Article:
A total of 695 nurses responded to the survey. An exact response rate could not be calculated since two of the three nursing organizations utilized a snowball recruitment technique and may have reached out to nurses who were not members of these organizations. However, based on the total membership of 18,300 nurses in ANA-Michigan, MONL, and COMON, our response rate was approximately 4%. A comparison of the respondent sample with the entire population of Michigan nurses22 based on gender and ethnicity found no significant differences.

Characteristics of the respondents are summarized in Table 1. Most of the respondents were female (n = 644, 93.6%), older than 45 (n = 376, 54.7%), Caucasian (n = 611, 87.9%) and had been working for more than 10 years (n = 449, 67.1%). The majority (n = 533, 90.0%) worked in urban locations, more than half worked 20–40 hours per week (n = 368, 56.6%), while 36.6% (n = 238) worked 41–60 hours per week or more. Nearly 60% (n = 392, 59.1%) of the nurses worked in an inpatient setting and 19.7% (n = 135) held a management position. Forty percent (n = 269; 40.2%) reported being in frequent contact with COVID-19 patients while 24.9% (n = 163) reported not being provided with adequate PPE by their workplace. More than half of the nurses reported symptoms of depression (n = 381, 59.5%) and anxiety (n = 350, 54.9%) and close to one third had symptoms of PTSD (n = 184, 29.1%). Approximately 10% (n = 62; 9.7%) reported symptoms of severe depression and 8.3% (n = 53) had symptoms of severe anxiety.

TABLE 1 - Characteristics of Study Participants (n = 695)
N (%)
Age (years)
 <45 312 (45.3)
 ≥45 376 (54.7)
 Males 44 (6.4)
 Females 644 (93.6)
 White 611 (87.9)
 Black/African American 34 (4.9)
 Other 50 (7.2)
Geographic location
 Rural 59 (10)
 Urban 533 (90)
Number of years working as a nurse
 ≤10 220 (32.9)
 >10 449 (67.1)
Employed in management position
 Yes 135 (19.7)
 No 551 (80.3)
Practice setting
 Inpatient 392 (59.1)
 Outpatient/Community-based 271 (40.9)
Number of hours worked per week
 <20 44 (6.8)
 20–40 368 (56.6)
 41–60 201 (30.9)
 >60 37 (5.7)
Contact with COVID-19 patients
 Never 127 (19.0)
 Seldom 273 (40.8)
 Often 142 (21.2)
 Very Often 127 (19.0)
Adequate PPE provided by workplace
 Not at all 49 (7.5)
 Not really 114 (17.4)
 Somewhat 238 (36.3)
 Definitely 200 (30.5)
 Not applicable 55 (8.3)
Depression (0–27); Median (IQR) 6.0 (2.0–10.0)
 Normal (0–4) 260 (40.5)
 Mild (5–8) 214 (33.4)
 Moderate (9–14) 105 (16.4)
 Severe (15–27) 62 (9.7)
Anxiety (0–21); Median (IQR) 5.0 (2.0–9.0)
 Normal (0–4) 288 (45.1)
 Mild (5–8) 206 (32.3)
 Moderate (9–14) 91 (14.3)
 Severe (15–21) 53 (8.3)
PTSD (6–30); Median (IQR) 10.0 (8.0–14.0)
 Low (<14) 448 (70.9)
 High (≥14) 184 (29.1)
COVID-19, Coronavirus disease; IQR, interquartile range 25th–75th percentiles; PPE, personal protective equipment; PTSD, post-traumatic stress disorder.
Numbers do not add to group totals due to missing values.
Valid percentages are reported.

Table 2 summarizes the severity of mental health symptoms by demographic factors. Nurses younger than 45 were more likely to report mental health symptoms (eg moderate depression among those < 45 years versus ≥45 years: 56 (19.6%) versus 48 (13.6%), P = .005; moderate anxiety: 58 (20.4%) versus 33 (9.4%), P < 0.001; and PTSD symptoms: 102 (36.4%) versus 81 (23.2%), P < 0.001). Those working in an inpatient setting were more likely to report mental health symptoms: severe depression among those working inpatient versus outpatient/community: 40 (10.8%) versus 21 (8.1%), P = 0.006; severe anxiety: 39 (10.5%) versus 13 (5.0%), P < 0.001; and PTSD symptoms: 128 (34.9%) versus 55 (21.6), P < 0.001. Gender, race, geographic location, number of hours worked per week and working in a management position were not associated with any of the mental health symptoms.

TABLE 2 - Severity of Mental Health Symptoms by Demographic Categories (n = 695)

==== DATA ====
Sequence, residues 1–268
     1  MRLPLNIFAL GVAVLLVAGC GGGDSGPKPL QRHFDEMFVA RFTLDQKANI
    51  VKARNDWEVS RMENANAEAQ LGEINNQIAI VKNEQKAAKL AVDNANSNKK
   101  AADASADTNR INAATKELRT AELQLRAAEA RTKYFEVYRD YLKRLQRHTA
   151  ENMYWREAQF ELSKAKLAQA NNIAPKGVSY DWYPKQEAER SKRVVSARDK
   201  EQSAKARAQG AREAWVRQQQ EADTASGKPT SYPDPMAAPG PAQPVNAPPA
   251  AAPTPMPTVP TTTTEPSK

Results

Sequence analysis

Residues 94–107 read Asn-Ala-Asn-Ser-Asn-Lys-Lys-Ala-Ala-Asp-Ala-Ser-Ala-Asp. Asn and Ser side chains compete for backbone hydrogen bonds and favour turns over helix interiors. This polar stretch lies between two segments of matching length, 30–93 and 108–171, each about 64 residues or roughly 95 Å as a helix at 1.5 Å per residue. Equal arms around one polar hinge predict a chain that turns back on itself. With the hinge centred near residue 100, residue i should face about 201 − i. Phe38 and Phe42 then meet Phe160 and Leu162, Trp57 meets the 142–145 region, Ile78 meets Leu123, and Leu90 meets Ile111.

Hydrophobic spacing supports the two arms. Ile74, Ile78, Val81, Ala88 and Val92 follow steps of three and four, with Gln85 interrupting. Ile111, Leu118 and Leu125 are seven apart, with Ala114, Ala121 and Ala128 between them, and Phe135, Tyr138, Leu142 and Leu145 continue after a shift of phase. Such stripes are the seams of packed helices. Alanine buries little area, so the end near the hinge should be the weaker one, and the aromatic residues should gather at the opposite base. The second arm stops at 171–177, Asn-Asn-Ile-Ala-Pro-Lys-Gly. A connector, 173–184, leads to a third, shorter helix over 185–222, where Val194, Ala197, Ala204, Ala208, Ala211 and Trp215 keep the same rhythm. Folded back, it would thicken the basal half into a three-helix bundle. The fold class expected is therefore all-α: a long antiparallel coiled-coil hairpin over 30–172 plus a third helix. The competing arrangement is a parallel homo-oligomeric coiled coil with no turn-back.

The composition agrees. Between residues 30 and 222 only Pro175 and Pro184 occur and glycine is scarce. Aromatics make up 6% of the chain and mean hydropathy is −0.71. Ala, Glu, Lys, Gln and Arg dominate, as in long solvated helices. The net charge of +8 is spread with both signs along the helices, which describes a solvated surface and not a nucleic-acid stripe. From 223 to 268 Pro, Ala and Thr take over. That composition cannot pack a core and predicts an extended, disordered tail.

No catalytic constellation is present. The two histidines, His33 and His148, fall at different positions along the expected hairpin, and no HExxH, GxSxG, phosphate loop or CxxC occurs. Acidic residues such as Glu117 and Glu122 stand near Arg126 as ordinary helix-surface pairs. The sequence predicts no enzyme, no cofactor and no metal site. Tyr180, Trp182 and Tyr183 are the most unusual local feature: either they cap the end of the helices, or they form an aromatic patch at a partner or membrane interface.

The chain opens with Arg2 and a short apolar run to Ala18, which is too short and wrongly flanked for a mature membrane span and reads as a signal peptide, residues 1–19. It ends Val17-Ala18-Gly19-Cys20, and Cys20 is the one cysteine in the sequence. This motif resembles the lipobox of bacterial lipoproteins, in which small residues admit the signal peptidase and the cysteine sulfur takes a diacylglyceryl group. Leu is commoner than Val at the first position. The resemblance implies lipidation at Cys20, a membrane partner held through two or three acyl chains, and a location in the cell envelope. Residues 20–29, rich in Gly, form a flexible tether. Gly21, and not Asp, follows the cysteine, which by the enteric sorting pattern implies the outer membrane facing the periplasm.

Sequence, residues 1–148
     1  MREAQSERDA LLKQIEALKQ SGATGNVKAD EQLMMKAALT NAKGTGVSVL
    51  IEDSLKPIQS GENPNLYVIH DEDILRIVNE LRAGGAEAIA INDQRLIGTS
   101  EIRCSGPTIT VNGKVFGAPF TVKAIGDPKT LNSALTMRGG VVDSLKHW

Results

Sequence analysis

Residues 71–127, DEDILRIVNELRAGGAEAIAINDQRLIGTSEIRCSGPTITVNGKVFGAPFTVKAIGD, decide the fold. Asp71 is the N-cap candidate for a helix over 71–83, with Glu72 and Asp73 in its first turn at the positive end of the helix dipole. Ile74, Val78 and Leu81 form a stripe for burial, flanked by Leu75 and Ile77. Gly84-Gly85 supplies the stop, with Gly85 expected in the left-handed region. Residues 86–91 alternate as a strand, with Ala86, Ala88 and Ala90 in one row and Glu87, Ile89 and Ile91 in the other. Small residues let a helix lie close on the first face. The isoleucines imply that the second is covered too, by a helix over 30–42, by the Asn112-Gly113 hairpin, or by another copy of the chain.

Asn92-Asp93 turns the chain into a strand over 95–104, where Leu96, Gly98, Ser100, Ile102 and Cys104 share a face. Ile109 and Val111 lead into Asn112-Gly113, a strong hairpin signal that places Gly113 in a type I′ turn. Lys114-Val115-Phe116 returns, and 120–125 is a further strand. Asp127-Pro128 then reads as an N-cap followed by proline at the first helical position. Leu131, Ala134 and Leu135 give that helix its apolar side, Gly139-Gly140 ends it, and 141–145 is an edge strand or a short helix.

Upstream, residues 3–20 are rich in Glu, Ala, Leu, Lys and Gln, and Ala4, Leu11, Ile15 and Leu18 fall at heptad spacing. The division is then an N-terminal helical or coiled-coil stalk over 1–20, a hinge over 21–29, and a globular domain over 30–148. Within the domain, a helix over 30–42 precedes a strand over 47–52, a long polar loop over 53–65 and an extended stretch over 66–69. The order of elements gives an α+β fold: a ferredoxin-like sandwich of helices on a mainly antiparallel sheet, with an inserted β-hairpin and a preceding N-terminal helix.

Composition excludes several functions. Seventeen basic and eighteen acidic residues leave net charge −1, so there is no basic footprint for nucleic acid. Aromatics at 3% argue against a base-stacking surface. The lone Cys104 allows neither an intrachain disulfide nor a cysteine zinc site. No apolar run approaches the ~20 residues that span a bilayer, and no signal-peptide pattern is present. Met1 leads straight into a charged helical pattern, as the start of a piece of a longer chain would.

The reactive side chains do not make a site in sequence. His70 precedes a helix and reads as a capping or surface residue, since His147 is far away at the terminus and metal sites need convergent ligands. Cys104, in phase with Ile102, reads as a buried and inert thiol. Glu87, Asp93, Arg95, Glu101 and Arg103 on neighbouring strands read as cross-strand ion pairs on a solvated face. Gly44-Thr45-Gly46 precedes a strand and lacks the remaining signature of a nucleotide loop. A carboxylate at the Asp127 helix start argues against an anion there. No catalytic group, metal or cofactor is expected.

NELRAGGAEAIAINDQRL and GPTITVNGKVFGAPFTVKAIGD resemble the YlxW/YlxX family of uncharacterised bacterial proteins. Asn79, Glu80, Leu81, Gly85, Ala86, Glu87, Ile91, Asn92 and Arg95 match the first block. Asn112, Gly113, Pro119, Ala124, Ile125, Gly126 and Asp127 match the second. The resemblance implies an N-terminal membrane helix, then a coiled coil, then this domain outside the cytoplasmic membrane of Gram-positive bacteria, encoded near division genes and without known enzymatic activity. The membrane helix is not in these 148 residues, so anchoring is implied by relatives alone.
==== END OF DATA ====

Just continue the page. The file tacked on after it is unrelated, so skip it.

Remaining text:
Age Management Position Hours Worked per Week Practice Setting

N (%) N (%) N (%) N (%)

<45 y ≥45 y P No Yes P < = 40 h >40 h P Inpatient Outpatient P
Depression 0.005 0.63 0.48 0.006
 Normal 94 (32.9) 164 (46.6) 211 (40.8) 49 (39.5) 162 (42.0) 84 (37.0) 128 (34.5) 125 (48.1)
 Mild 106 (37.1) 108 (30.7) 167 (32.3) 47 (37.9) 122 (31.6) 85 (37.4) 132 (35.6) 80 (30.8)
 Moderate 56 (19.6) 48 (13.6) 87 (16.8) 18 (14.5) 66 (17.1) 36 (15.9) 71 (19.1) 34 (13.1)
 Severe 30 (10.5) 32 (9.1) 52 (10.1) 10 (8.1) 36 (9.3) 22 (9.7) 40 (10.8) 21 (8.1)
Anxiety <0.001 0.41 0.14 <0.001
 Normal 100 (35.1) 187 (53.4) 230 (44.7) 58 (46.8) 182 (47.3) 94 (41.8) 143 (38.6) 137 (53.1)
 Mild 101 (35.4) 104 (29.7) 162 (31.5) 44 (35.5) 113 (29.4) 84 (37.3) 123 (33.2) 82 (31.8)
 Moderate 58 (20.4) 33 (9.4) 79 (15.4) 12 (9.7) 61 (15.8) 27 (12.0) 65 (17.6) 26 (10.1)
 Severe 26 (9.1) 26 (7.4) 43 (8.4) 10 (8.1) 29 (7.5) 20 (8.9) 39 (10.5) 13 (5.0)
PTSD <0.001 0.13 0.77 <0.001
 Low 178 (63.6) 268 (76.8) 354 (69.5) 94 (76.4) 271 (70.9) 155 (69.8) 239 (65.1) 200 (78.4)
 High 102 (36.4) 81 (23.2) 155 (30.5) 29 (23.6) 111 (29.1) 67 (30.2) 128 (34.9) 55 (21.6)
P, P value; PTSD, post-traumatic stress disorder.
Numbers do not add to group totals due to missing values.
Includes those working in community setting

Analysis of variance (ANOVA) based on the Kruskal–Wallis test revealed statistically significant differences in mental health outcomes based on nurses’ frequency of contact with COVID-19 patients as well as access to adequate PPE (Table 3). A Jonckheere-Terpstra test for ordered alternatives confirmed a significant trend for worse median mental health outcome scores as contact with COVID patients increased and as provision of PPE decreased (Table 3). Thus, the severity of depression, anxiety, and PTSD increased significantly as contact with COVID-19 patients increased. Median [IQR] scores for depression increased from 5.0 [1.5–9.0] for nurses with no contact to 7.0 [4.0–11.0] for those who had contact with COVID-19 patients very often (P < 0.001). Scores for anxiety increased from 4.0 [1.0–8.0] for nurses with no contact to 6.0 [3.0–12.0] for nurses with frequent contact (P < 0.001), and PTSD symptom scores increased from 9.5 [7.2–13.0] to 13.0 [8.0–17.0], P < 0.001. (Table 3). A reverse dose–response relationship was seen with PPE provision, where the severity of all three mental health outcomes was significantly lower as PPE provision frequency increased. Median [IQR] scores for depression decreased from 9.0 [5.0–13.0] to 4.0 [2.0–8.0], P < 0.001; for anxiety scores decreased from 7.0 [2.5–11.5] to 4.0 [1.0–8.7], P < 0.001; and the PTSD scores decreased from 14.0 [9.0–18.0] to 9.0 [7.0–13.0], P < 0.001 (Table 3).